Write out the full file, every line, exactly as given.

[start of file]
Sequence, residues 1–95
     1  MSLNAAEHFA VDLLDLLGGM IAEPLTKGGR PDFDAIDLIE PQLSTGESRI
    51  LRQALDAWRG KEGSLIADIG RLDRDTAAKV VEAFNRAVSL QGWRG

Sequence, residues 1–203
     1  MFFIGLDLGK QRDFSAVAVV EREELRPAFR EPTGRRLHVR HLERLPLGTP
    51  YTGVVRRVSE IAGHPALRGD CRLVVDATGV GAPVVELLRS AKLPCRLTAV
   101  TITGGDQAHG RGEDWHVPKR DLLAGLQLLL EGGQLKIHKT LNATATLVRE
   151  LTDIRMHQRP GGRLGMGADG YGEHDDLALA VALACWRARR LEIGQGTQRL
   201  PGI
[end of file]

Sequence, residues 1–95
     1  MSLNAAEHFA VDLLDLLGGM IAEPLTKGGR PDFDAIDLIE PQLSTGESRI
    51  LRQALDAWRG KEGSLIADIG RLDRDTAAKV VEAFNRAVSL QGWRG

Sequence, residues 1–203
     1  MFFIGLDLGK QRDFSAVAVV EREELRPAFR EPTGRRLHVR HLERLPLGTP
    51  YTGVVRRVSE IAGHPALRGD CRLVVDATGV GAPVVELLRS AKLPCRLTAV
   101  TITGGDQAHG RGEDWHVPKR DLLAGLQLLL EGGQLKIHKT LNATATLVRE
   151  LTDIRMHQRP GGRLGMGADG YGEHDDLALA VALACWRARR LEIGQGTQRL
   201  PGI